Die „Forschungen zur baltischen Geschichte“ sind das führende wissenschaftliche Periodikum mit einem Fokus auf der Geschichte der drei Staaten Estland, Lettland und Litauen. In dieser Nummer geht es um den Alltag finnischer Bauarbeiter in der Estnischen SSR in den 1970er Jahren, religiöse Polemiken im Mittelalter und um die spannende Frage, ob Herder tatsächlich das Litauische nicht vom Lettischen unterscheiden konnte. Die Leserschaft wird an eine reichgedeckte mittelalterliche Tafel voller leckerer Fischspeisen geladen, betrachtet litauische Gedenkpraktiken in der Zwischenkriegszeit und diskutiert die Erinnerungen von estnischen Kommunisten sowie die Rezeption des bekannten estnischen Schriftstellers Jaan Kross in der Lettischen SSR. Diverse Mitteilungen und zahlreiche Rezensionen runden diesen Band ab.
The book sheds light on processes of Belarusian nation-building and identity formation during the interwar period. It provides a complete analysis of the Soviet policy of Belarusization in interwar Belarus (1924-1929).
The analysis covers issues pertaining to the formation of national identity, the incorporation of the Belarusian national language into educational and administrative spheres within the policy of Belarusization and its acceptance by the dif-
ferent strata of the multi-ethnic society in the BSSR of that period. The monograph also sheds light on the reasons for the launching and ceasing of that policy as well as on the interrelation between the Communist Party and the
Belarusian national intelligentsia.
Growing Out of Communism explores the rise of a new body of literature for children and teens following the collapse of the Soviet Union in 1991 and the subsequent transformation of the publishing industry.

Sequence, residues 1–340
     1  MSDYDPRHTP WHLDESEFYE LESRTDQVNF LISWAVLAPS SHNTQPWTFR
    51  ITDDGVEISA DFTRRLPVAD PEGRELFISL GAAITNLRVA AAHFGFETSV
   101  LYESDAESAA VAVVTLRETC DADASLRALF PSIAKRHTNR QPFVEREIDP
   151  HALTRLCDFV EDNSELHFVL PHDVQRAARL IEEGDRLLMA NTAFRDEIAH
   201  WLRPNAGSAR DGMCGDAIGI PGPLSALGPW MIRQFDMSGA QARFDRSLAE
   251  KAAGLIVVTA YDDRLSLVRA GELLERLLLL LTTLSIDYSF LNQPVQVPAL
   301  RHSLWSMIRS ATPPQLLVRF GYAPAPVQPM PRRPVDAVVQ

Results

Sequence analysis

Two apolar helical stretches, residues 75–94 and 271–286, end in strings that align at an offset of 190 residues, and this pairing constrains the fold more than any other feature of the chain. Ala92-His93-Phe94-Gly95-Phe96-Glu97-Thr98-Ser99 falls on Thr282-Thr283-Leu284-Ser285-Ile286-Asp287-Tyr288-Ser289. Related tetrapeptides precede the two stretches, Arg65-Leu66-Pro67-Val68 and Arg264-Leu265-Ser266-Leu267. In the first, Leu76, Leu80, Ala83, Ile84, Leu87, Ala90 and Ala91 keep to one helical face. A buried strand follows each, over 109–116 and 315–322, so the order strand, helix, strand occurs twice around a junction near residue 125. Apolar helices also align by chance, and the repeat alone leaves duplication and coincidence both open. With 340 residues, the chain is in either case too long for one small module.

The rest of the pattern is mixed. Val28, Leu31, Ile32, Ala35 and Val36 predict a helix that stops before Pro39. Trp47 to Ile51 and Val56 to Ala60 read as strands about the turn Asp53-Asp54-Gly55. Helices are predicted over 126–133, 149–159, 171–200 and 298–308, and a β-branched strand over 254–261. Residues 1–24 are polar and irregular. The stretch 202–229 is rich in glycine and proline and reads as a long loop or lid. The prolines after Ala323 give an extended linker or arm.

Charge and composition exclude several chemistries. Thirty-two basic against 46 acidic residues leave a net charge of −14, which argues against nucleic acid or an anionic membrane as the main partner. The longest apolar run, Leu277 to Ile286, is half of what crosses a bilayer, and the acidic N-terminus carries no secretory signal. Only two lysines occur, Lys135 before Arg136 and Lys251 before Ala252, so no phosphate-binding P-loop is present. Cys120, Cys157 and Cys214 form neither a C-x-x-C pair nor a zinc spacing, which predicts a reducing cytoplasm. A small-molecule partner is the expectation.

Lanoux, Herold, and Bukhina first consider the Soviet foundations of the new literature, then chart the huge influx of translated literature into Russia in the 1990s. In tracing the development of new literature that reflects the lived experiences of contemporary children and teens, the book examines changes to literary institutions, dominant genres, and archetypal heroes. Also discussed are the informal networks and online reader responses that reflect the views of child and teen readers.
Beata Halicka’s masterly narrated biography is the story of an extraordinary man and leading intellectual in the Polish-American community. Z. Anthony Kruszewski was first a Polish scout fighting in World War II against the Nazi occupiers, then a Prisoner of War/Displaced Person in Western Europe. He was stranded as a penniless immigrant in post-war America and eventually became a world-renowned academic.
Kruszewski’s almost incredible life stands out from his entire generation. His story is a microcosm of 20th-century history, covering various theatres and incorporating key events and individuals. Kruszewski walks a stage very few people have even stood on, both as an eye-witness at the centre of the Second World War, and later as vice-president of the Polish American Congress, and a professor and political scientist at world-class universities in the USA. Not only did he become a pioneer and a leading figure in Borderland Studies, but he is a borderlander in every sense of the word.
The book focuses on the early period of Roma publishing (from the nineteenth century until the Second World War) when the first original texts, fiction and media publications authored by Roma appeared.
Based on extensive archival and historical research, including the discovery of earlier, up to now unknown sources, the literary activities of Roma in Central, South-eastern and Eastern Europe are discussed in their historical context and interrelation with the birth of the Roma emancipatory movement. Romani literature and press are thus embedded in the history and literary studies of the European national literatures.
The authors: Raluca Bianca Roman, Sofiya Zahova, Aleksandar G. Marinov, Elena Marushiakova and Vesselin Popov are affiliated with the University of St Andrews, UK. Other authors are Tamás Hajnáczky (Károli Gáspár University of the Reformed Church in Hungary), Viktor Shapoval (Moscow City University, Russia), and Risto Blomster (Finnish Literature Society/ The Finnish Cultural Foundation).